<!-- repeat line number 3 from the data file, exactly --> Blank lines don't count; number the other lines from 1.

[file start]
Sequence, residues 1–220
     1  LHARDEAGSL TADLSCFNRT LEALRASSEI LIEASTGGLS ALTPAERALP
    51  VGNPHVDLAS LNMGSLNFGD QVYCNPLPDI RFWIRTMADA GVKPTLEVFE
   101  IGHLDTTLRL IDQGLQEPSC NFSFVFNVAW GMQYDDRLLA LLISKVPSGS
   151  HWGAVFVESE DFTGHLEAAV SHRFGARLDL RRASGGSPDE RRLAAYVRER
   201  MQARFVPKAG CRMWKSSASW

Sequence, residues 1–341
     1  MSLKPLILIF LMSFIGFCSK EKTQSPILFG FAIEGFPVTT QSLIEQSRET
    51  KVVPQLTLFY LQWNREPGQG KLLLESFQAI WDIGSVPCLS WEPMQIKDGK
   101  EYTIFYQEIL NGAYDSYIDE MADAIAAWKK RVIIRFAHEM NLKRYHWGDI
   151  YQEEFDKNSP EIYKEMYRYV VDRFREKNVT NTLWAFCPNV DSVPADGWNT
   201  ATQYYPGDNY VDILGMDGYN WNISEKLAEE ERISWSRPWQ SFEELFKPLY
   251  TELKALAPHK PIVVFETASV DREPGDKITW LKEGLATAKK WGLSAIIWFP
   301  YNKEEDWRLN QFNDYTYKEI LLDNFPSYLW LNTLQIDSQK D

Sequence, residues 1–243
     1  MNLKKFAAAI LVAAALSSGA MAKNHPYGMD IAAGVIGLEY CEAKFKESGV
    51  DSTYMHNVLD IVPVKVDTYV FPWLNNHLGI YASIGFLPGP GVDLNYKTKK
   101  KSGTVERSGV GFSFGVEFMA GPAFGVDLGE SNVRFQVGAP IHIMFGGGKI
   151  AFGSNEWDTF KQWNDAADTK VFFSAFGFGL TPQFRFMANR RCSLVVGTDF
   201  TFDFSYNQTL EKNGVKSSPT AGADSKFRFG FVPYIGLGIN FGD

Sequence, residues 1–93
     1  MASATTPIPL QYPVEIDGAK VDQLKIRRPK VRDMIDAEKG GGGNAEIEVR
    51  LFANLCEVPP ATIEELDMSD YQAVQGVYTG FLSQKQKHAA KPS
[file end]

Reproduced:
    51  VGNPHVDLAS LNMGSLNFGD QVYCNPLPDI RFWIRTMADA GVKPTLEVFE